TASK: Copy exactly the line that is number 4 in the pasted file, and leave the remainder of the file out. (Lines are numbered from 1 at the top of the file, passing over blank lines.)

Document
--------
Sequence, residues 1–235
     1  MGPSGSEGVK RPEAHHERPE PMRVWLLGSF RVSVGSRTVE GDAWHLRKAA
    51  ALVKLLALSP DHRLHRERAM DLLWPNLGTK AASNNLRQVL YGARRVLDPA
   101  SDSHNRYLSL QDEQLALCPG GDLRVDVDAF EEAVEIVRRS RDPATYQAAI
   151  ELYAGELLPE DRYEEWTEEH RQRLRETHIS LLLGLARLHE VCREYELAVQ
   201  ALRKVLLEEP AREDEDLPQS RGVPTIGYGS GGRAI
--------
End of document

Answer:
   101  SDSHNRYLSL QDEQLALCPG GDLRVDVDAF EEAVEIVRRS RDPATYQAAI